A new invasive plant species has been identified on the Agulhas Plain. The Evergreen Kangaroo Paw (Anigozanthos flavidus) has been located on two properties in the area. Although the species has not yet been listed as an invasive plant under the National Environment Management: Biodiversity Act (NEMBA), it is considered a threat to the Western Cape.
The South African National Biodiversity Institute (SANBI) is now working with Flower Valley Conservation Trust to control and look to eradicate this species on the properties. These two partners will now work closely in piloting efficient treatment and control measures, which will include data collection on treatments, population size and the rate of spread. Flower Valley coordinates the Agulhas Biodiversity Initiative (ABI) Alien Clearing Programme.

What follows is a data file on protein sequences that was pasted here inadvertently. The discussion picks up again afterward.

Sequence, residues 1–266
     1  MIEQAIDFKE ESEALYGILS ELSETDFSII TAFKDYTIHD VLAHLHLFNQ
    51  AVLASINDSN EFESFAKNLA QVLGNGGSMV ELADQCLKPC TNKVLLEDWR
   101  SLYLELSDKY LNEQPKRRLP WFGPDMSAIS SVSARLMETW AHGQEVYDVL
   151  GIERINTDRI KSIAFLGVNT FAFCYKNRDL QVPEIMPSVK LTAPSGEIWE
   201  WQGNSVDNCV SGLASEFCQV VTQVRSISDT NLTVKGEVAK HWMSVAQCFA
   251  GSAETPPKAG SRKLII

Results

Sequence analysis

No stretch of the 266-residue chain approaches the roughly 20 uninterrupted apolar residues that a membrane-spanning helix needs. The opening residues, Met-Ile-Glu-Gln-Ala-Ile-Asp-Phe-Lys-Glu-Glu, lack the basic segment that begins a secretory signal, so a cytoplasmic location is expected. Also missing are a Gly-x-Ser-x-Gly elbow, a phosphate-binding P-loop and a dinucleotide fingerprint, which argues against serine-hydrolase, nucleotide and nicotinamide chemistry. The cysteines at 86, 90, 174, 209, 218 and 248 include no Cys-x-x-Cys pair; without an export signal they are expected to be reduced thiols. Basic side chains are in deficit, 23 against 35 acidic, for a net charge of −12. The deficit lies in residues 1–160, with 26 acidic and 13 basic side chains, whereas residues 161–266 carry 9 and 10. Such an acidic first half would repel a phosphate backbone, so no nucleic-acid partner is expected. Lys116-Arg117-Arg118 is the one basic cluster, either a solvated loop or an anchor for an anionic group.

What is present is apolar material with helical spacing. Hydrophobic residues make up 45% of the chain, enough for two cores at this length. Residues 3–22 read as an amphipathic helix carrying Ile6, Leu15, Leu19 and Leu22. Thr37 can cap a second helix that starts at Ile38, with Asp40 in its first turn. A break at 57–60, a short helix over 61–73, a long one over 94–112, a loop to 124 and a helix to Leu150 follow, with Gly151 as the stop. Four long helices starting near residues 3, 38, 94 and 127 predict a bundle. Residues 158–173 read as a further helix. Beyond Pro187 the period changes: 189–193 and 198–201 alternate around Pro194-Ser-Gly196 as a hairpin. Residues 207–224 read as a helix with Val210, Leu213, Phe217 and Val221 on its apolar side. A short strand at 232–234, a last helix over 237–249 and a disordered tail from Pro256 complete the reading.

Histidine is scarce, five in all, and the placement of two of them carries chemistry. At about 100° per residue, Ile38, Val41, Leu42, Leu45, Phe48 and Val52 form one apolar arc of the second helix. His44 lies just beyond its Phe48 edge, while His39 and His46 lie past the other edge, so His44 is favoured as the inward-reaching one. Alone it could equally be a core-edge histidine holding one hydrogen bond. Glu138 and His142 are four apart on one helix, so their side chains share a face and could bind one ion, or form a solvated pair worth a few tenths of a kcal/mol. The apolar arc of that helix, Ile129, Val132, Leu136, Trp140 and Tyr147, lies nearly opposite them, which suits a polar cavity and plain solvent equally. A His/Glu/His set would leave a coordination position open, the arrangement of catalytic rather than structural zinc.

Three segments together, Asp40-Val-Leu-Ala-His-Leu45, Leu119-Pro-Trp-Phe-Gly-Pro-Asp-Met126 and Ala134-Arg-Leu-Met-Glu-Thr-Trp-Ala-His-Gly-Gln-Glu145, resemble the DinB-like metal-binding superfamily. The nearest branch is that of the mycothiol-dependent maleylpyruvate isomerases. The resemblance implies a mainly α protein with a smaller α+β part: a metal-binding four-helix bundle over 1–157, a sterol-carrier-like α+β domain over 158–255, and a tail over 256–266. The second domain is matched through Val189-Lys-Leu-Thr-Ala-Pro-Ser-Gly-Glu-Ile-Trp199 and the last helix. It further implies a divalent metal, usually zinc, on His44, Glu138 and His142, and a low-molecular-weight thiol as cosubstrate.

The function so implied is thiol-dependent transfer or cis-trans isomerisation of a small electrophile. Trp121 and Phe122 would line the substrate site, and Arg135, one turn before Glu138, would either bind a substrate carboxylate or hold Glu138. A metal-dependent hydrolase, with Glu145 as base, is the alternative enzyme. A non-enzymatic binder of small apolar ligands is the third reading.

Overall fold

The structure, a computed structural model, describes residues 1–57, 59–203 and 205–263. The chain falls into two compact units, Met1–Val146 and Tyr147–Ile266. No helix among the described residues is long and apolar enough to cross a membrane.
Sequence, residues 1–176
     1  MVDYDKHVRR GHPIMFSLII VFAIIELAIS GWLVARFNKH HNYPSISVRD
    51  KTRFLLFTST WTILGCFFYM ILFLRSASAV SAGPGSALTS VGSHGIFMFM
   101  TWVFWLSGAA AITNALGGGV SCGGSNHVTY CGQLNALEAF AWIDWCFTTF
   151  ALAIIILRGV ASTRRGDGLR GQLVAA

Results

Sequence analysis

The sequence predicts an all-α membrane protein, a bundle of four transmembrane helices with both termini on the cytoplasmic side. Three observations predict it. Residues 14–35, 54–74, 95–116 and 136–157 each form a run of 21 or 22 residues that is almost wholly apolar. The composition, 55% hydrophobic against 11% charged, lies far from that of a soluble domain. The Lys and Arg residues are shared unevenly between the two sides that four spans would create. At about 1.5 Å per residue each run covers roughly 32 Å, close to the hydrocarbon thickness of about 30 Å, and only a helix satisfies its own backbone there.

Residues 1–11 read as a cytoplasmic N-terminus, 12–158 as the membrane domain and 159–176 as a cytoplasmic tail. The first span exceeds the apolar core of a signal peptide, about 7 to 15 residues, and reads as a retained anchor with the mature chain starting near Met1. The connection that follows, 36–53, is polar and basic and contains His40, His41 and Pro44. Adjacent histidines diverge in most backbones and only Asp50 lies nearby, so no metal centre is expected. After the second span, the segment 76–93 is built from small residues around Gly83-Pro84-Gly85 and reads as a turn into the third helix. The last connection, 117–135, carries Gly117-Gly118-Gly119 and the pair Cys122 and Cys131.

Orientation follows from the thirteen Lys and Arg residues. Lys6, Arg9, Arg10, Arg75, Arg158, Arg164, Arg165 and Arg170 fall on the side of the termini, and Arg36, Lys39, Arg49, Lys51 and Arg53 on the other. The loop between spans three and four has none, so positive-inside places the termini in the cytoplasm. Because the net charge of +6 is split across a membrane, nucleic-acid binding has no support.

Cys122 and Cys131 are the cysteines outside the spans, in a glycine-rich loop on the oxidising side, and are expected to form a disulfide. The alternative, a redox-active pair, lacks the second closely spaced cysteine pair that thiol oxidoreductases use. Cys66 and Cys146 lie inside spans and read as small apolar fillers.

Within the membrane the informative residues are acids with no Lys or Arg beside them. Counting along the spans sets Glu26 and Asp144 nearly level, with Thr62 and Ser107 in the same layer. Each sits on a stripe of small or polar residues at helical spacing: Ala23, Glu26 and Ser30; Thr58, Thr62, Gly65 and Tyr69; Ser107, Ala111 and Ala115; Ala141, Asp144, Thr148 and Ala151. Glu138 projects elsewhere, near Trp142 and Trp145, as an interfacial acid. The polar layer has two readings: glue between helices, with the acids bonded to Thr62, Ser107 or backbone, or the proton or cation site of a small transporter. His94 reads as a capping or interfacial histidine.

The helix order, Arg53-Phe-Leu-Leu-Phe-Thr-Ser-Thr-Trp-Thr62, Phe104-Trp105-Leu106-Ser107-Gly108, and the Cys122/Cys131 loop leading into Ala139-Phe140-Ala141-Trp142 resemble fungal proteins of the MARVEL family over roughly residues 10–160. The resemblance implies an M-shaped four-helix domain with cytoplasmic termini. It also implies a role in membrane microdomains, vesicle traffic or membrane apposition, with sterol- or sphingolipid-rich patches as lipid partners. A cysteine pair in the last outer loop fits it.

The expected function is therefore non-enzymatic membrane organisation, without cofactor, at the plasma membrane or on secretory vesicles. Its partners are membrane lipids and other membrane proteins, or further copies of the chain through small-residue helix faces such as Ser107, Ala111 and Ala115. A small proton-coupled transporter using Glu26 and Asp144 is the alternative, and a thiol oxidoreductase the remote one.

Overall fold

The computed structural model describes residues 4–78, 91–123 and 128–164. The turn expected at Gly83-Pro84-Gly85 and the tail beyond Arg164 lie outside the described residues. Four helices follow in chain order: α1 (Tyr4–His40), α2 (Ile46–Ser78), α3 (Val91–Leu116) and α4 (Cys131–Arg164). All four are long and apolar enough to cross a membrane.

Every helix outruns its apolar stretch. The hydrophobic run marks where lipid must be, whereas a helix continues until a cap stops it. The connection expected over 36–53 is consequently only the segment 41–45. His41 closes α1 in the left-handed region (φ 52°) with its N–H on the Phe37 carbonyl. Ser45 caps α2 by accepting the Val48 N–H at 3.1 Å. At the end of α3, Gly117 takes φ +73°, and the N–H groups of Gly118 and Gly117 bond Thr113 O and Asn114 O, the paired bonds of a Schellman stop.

The Kangaroo Paw stems from Southwest Australia, although it is commercially grown in other countries throughout the world, including the USA and Japan. It is used as an ornamental flower, with some of its artificial hybrids used for the cut-flower market.
Due to its adaptability to different soil types, and ability to cope with water stress, it is considered a threat. The species is also immune to most fungal attacks. It’s believed that the species can be eradicated from the Agulhas Plain, given that it is believed to not have spread beyond the two properties as yet.